Wednesday, August 19, 2015

What College My Professors Have Taught Me

Dr. Thornton taught me that I CAN do it. Whatever it is, no matter how LITERALLY IMPOSSIBLE it seems, if I just put my head down and conquer one step at a time, I WILL get to the end. I cannot thank him enough for such a valuable life skill.

Mrs. Parker inspired me in one of my darkest times. Fall of my freshman year, when I was angry and jaded and lonely and depressed, she brought the light of Words back to me. Her untarnished passion for stories ignited joy from the center of my heart. She Loved words with a capital L and her Love could not help but overflow to all her students. I am convinced that every single student left her class with a better appreciation of language. I will never forget how much she meant to me and encouraged me.

Dr. Stanke taught me the powerful beauty of genuinely engaging with people and committing them to memory.

Mr. Salsbury taught me how to understand what a professor wants from me. He taught me the value of going to your professors' offices and letting them help you. He taught me that sometimes, people just want you to read their minds and you have to figure out how to do that. I believe this to be another valuable skill as I seek post-graduation employment XD

Dr. Peterman taught me the value of mentor relationships. She taught me that I am allowed to speak like an adult and be treated like an adult. She taught me the benefit of building goodwill and actually trying your best. She's taught me that Loving and playing with words does not have to be an artsy-fartsy, wishy washy, gray area, but can be an exciting, clever, and concrete world that requires agile intellect and logical thinking skills. She helped me wed my love of beauty with my love of reason.

Dr. McNair reminded me how much fun it is to surprise people with kind-spirited irony.

Dr. Dunnum taught me to See words deeper, to look not only below the word's surface, but behind and beside and above it. He taught me to ask deeper, bigger questions. He taught me to ask How? and then prove it. He taught me to ask Why? and then try to find the answer. And he taught me that not finding the answer does not constitute a failure.

Dr. Morefield taught me how to love books better. He taught me to savor the language, the story, and the people (good characters are not just "characters," but real people to be understood). Reading Emma in his class was probably the most fun I've ever had reading for school.

Dr. Truffin taught me that having wild style does not preclude being hired as a professional. She taught me how to be professional without compromising or apologizing for who you are. She taught me how to facilitate discussion, be an active listener, appreciate others' work, and participate in great arguments.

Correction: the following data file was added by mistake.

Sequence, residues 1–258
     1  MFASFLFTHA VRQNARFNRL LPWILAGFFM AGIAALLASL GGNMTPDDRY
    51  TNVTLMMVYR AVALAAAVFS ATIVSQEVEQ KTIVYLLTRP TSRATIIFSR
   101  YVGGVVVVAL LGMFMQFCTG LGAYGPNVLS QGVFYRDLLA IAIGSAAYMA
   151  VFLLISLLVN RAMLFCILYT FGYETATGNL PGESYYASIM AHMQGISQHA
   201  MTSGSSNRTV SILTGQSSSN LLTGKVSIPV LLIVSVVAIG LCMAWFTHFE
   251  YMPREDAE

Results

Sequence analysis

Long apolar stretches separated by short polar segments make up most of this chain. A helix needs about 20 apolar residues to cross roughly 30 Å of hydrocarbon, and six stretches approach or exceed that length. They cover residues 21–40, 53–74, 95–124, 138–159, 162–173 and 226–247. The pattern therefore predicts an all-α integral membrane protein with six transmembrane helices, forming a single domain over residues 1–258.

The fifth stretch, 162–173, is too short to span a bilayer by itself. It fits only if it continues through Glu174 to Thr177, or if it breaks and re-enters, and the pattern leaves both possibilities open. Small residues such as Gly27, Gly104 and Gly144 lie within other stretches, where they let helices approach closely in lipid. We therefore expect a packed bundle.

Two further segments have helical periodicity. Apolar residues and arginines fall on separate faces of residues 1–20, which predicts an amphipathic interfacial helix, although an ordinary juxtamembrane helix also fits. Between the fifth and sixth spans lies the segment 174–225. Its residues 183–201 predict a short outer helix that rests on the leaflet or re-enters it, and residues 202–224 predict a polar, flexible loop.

Dr. Schroeder taught me that it is possible to get an A in a class where it is allegedly impossible to get an A. He taught me the most Greek I've ever learned in one place, which basically makes him my hero. He taught me to wrestle with FREAKING HUGE ideas and come out sane. He taught me to love Aristotle even more. I only had one class with him (Ancient Political Thought), but it is one of my favorite classes of all time. I can't even describe how cool it was.

Dr. Poe taught me that not all psychologists are the same, and that if I ever go to one, I want him/her to be like her.

I honestly believe that I could not have gotten a better education anywhere else.


1 comment:

  1. love this!

    i wish i would have written something similar about my professors when i was still there and everything was still fresh.

    but i won't forget my printmaking instructor...tho her name escapes me at the moment. she was never satisfied with what i did and while i was in her class i kind of hated her for it. like, why is my work not good enough for you, you stuffy old lady!!??

    and then in hind sight i came to realize that she wanted me to be great. she wanted me to ask the tough questions and push beyond the screen that keeps good artists from being great artists. she wanted me to take chances and not play it safe and really put my soul into my printmaking instead of just trying to get by with an easy a. had i realized this while i was still under her instruction, i would have had a much more productive semester. but, alas, hindsight is twenty/twenty and sometimes we are blinded by our own insecurities while the moment is upon us. such are the lessons of life ;)